Following Atticus by Tom Ryan

Following Atticus by Tom Ryan

Author:Tom Ryan [Ryan, Tom]
Language: eng
Format: epub
Publisher: HarperCollins US
Published: 2013-08-21T16:00:00+00:00


13

The Spell of Agiocochook

My father always had a difficult time being happy. He was witty and charming in public, with the cashiers at the local pharmacy or supermarket, or with the people at town hall, but alone it was a different story. He was hard on himself and critical of his children. He was good at many things, but intimacy wasn’t one of them. What he and I had shared that first summer Atticus and I were in the mountains was as close as we would ever get. But when Atticus and I returned to hike them our first winter, my dad built a wall between us. He was back to being distant, to pushing me away, and to at times acting belittling.

I didn’t understand it, but my friend Ed Metcalf did. He was from my father’s generation and offered me the following perspective: “Your dad was thrilled when you hiked the mountains in summer because he could see himself doing them. Lots of people do them. But in winter you were going someplace he couldn’t go. He couldn’t see himself doing that. You were overshadowing him.”

I knew Ed was right—I just didn’t want him to be.

Toward the end of our first winter, when it was clear we weren’t going to finish all forty-eight, I was disappointed and called my father to let him know.

“I didn’t think you could do it,” he’d said. The words were not tinged with emotion; they were flat and matter-of-fact, but some arrows don’t need to be dipped in poison to kill.

There was only one way to love him, and that was through a buffer. That’s why when I visited him in spring or summer, it was during a Red Sox game. Or during a Patriots game in football season. He felt comfortable conversing for half an hour before or after a game and was happy that one of his children had come for a visit—provided we didn’t stick around too long when the game ended or talk too much during it.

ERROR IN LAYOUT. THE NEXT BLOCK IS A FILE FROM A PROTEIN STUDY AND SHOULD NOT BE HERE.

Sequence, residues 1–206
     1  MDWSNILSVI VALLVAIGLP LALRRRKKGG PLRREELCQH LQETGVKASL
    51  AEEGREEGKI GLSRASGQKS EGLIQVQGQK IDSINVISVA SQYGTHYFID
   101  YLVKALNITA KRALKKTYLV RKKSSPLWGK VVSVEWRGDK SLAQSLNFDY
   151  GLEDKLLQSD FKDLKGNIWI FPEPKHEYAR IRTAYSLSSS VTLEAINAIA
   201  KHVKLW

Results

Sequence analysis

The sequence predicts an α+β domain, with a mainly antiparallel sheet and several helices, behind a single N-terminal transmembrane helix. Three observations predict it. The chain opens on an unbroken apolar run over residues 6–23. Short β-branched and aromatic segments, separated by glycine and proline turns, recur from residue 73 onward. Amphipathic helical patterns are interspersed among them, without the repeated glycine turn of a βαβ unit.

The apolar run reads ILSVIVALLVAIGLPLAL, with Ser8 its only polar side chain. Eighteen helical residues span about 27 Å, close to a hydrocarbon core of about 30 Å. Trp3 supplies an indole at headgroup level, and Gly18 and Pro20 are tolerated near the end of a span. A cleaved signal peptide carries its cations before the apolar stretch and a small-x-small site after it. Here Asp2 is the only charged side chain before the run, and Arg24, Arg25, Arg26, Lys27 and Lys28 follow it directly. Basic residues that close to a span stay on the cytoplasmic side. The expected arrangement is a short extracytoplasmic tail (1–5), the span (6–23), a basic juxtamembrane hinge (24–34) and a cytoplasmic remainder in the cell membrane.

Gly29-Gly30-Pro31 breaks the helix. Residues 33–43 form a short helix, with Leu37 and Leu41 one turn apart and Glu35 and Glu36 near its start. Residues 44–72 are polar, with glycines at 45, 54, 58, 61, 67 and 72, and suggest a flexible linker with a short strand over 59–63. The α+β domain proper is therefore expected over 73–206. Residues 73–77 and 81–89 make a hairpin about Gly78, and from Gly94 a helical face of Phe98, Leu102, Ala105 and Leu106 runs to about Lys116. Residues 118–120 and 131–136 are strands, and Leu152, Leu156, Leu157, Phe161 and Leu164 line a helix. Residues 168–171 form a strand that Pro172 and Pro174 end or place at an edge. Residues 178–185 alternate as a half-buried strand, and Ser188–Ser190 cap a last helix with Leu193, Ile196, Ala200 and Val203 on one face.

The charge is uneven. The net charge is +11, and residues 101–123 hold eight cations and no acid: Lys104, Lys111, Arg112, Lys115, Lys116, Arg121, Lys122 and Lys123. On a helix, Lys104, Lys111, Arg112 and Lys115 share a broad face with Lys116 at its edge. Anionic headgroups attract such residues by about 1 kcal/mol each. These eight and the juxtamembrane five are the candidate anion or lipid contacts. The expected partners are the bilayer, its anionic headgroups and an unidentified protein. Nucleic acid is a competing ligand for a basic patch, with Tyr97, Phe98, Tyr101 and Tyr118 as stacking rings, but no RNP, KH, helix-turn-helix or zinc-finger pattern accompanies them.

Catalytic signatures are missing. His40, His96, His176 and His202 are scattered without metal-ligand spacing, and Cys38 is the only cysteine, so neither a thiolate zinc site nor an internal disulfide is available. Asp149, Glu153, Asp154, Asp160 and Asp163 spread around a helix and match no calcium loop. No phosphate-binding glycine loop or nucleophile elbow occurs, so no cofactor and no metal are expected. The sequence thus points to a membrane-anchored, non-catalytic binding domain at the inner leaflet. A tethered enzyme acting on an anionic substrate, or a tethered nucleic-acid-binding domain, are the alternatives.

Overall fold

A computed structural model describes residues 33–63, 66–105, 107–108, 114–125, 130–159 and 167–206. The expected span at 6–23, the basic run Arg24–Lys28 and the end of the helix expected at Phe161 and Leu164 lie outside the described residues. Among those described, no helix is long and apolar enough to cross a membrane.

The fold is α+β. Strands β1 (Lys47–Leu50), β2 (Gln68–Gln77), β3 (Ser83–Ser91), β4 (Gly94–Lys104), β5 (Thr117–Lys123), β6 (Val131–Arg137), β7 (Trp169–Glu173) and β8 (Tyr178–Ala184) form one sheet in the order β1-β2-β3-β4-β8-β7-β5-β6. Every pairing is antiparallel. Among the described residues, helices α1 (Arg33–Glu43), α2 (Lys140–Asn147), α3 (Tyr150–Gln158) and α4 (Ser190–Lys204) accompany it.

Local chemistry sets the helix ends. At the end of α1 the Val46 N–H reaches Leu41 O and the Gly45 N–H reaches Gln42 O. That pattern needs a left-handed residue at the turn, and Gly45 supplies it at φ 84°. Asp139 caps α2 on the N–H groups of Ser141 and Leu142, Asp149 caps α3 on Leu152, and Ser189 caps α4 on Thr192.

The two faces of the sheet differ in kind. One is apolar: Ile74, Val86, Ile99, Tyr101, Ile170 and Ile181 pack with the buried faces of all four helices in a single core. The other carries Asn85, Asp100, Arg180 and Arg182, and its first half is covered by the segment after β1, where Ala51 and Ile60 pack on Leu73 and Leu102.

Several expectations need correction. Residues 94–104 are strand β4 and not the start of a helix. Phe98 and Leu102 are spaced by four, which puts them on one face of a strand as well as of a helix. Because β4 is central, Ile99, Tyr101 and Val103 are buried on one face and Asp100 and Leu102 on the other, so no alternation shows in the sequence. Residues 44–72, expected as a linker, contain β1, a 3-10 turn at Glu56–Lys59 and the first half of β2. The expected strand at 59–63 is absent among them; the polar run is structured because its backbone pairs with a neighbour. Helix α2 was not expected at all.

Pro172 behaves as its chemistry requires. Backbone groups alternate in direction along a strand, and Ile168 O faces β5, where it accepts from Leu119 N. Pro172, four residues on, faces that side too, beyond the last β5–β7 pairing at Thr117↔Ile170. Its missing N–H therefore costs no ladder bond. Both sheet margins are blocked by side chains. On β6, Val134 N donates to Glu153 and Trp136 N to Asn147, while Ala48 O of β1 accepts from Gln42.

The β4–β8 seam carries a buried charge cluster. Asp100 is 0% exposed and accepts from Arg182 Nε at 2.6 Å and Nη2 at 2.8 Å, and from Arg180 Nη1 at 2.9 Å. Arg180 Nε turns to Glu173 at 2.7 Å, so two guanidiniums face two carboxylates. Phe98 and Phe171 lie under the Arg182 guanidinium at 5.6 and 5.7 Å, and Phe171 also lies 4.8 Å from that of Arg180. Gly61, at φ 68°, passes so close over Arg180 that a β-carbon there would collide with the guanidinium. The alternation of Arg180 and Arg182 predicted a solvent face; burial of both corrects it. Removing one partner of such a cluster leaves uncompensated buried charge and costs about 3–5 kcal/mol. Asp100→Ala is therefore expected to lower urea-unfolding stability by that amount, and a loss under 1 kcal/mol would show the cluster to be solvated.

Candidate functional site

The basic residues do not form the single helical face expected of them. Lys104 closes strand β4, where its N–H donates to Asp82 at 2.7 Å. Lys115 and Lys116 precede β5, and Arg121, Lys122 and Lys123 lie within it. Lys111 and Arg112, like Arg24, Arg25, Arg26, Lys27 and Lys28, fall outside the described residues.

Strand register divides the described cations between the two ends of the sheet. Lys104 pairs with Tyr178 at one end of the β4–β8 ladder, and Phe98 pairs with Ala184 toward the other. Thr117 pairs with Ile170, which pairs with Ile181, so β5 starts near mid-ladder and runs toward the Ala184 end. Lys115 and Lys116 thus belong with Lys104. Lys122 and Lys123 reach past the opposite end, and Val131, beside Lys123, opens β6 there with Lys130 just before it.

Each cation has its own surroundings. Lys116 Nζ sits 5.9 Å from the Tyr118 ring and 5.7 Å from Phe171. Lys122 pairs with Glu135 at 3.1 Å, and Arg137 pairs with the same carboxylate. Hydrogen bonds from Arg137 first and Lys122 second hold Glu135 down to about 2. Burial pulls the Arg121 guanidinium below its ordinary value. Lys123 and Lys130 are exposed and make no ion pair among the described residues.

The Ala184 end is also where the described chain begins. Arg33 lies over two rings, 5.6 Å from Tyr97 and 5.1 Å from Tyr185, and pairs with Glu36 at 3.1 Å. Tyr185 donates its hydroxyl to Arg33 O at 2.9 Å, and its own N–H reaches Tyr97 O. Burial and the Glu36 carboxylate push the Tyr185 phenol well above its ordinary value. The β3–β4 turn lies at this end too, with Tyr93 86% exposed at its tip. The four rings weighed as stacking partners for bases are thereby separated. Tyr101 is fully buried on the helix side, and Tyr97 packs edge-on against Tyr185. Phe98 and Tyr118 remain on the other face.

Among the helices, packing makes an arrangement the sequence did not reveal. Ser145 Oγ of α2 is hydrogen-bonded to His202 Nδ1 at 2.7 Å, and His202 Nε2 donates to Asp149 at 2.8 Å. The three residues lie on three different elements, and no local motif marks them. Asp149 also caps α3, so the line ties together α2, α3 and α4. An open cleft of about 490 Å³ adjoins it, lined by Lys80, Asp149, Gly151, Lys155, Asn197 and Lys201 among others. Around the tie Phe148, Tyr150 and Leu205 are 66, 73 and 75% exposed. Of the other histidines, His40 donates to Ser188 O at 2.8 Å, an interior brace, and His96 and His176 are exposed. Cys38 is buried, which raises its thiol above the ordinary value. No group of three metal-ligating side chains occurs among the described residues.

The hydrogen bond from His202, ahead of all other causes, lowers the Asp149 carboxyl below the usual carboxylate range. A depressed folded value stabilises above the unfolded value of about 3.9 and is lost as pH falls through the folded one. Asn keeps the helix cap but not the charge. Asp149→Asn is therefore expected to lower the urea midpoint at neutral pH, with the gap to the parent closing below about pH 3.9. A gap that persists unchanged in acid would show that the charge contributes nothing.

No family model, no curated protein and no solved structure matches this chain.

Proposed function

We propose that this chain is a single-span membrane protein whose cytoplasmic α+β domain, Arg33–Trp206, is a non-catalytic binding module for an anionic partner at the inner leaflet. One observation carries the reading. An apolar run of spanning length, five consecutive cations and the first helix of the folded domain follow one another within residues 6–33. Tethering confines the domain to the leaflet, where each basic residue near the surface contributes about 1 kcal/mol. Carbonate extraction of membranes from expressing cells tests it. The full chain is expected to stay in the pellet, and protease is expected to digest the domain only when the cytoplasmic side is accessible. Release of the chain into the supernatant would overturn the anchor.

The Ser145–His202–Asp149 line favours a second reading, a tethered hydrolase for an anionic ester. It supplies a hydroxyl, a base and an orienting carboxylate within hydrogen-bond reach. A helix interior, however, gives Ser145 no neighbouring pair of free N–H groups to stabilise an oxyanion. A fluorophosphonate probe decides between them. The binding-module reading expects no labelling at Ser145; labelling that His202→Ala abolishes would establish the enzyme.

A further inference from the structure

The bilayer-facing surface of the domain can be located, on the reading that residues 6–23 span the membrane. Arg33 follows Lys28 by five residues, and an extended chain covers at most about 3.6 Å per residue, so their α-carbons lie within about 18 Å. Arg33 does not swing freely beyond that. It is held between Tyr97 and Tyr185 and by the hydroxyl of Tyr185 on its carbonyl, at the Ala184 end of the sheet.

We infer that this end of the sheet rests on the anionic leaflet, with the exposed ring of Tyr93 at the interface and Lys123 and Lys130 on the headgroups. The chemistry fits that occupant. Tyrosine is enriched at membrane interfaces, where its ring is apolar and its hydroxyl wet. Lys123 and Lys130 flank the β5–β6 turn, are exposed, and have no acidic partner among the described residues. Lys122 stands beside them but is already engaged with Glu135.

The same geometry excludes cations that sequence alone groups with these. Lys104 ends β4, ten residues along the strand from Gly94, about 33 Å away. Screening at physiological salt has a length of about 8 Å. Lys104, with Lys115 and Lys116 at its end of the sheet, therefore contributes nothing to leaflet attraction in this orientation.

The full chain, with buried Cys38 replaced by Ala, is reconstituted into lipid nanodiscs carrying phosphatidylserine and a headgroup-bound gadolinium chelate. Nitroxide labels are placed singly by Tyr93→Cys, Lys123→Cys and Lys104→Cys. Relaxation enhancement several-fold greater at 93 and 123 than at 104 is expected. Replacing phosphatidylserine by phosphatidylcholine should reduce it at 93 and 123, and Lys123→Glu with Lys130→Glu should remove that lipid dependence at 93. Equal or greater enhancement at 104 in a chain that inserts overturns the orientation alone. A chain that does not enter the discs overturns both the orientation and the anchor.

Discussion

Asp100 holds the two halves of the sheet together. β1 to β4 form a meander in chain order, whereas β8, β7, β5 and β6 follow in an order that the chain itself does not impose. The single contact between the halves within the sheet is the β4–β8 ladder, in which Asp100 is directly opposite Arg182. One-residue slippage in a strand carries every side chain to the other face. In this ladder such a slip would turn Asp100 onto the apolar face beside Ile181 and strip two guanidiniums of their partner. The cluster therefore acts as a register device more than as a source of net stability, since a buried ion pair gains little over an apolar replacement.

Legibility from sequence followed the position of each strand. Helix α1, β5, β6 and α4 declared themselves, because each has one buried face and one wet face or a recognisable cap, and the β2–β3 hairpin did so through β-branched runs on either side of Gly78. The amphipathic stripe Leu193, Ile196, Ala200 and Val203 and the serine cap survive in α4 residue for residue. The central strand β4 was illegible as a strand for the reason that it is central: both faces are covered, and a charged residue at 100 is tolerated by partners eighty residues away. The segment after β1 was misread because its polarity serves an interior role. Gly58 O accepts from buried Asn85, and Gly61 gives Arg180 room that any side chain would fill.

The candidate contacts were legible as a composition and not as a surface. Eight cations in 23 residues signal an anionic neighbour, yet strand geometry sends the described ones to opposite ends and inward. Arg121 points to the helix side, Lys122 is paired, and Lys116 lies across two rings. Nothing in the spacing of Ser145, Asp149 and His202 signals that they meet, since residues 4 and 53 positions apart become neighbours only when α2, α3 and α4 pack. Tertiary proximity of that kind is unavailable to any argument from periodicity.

Another buffer was the Undertoad. He enjoyed getting every issue, even though he often went to great lengths to point out the misspelled words and would count the ads to see how I was doing financially. He would never admit to it, but he was proud of me.

There was a time he’d wanted to be a newspaperman, and he went through his life as a frustrated writer. His eloquent letters to the editor, which were often the highlight of the local newspaper, were the closest he came to being published.

When Atticus and I began our Winter Quest for a Cure, my father and I hadn’t talked for months. Our last conversation had taken place right around the time I let him know our goal of ninety-six peaks in ninety days. But I wrote to him, every two weeks. He liked getting letters. As he grew older, the only personal mail he received was from his daughter-in-law, Yvette, who wrote wonderful, flowing letters, and from me.



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